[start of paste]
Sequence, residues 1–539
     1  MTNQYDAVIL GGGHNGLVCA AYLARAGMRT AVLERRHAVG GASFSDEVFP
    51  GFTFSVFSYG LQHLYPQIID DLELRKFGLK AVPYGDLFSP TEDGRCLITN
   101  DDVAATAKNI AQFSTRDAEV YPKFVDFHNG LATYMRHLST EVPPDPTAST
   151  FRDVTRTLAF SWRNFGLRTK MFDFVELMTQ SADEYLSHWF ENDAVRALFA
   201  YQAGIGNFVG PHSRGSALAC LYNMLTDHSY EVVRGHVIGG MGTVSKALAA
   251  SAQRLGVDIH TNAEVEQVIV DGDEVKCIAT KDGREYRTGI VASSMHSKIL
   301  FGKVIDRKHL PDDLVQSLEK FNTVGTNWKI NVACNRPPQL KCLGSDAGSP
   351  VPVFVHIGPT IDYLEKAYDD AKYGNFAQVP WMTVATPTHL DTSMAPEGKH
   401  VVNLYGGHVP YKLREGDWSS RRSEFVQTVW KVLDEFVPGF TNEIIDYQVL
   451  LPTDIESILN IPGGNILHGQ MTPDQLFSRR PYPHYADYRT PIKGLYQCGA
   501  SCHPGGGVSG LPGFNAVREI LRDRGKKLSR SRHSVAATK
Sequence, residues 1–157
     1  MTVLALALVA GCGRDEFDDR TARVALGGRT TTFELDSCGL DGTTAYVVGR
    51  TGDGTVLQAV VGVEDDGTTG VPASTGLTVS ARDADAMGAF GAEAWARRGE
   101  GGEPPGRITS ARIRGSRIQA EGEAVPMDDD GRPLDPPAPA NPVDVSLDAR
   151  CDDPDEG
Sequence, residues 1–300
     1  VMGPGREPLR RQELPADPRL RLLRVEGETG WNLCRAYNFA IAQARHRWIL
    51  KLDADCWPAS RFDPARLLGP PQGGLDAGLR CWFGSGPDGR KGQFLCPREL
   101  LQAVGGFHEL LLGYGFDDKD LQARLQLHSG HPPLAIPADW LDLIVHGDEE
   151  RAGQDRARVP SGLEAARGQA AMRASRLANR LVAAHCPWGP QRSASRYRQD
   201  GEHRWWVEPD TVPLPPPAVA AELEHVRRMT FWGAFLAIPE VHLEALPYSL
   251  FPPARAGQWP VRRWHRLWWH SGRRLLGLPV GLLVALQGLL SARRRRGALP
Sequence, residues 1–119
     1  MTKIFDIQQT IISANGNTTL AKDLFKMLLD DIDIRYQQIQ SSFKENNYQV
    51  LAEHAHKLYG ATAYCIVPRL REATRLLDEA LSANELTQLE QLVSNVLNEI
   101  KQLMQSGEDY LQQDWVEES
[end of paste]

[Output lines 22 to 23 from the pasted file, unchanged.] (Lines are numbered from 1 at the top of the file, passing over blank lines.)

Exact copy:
   151  RAGQDRARVP SGLEAARGQA AMRASRLANR LVAAHCPWGP QRSASRYRQD
   201  GEHRWWVEPD TVPLPPPAVA AELEHVRRMT FWGAFLAIPE VHLEALPYSL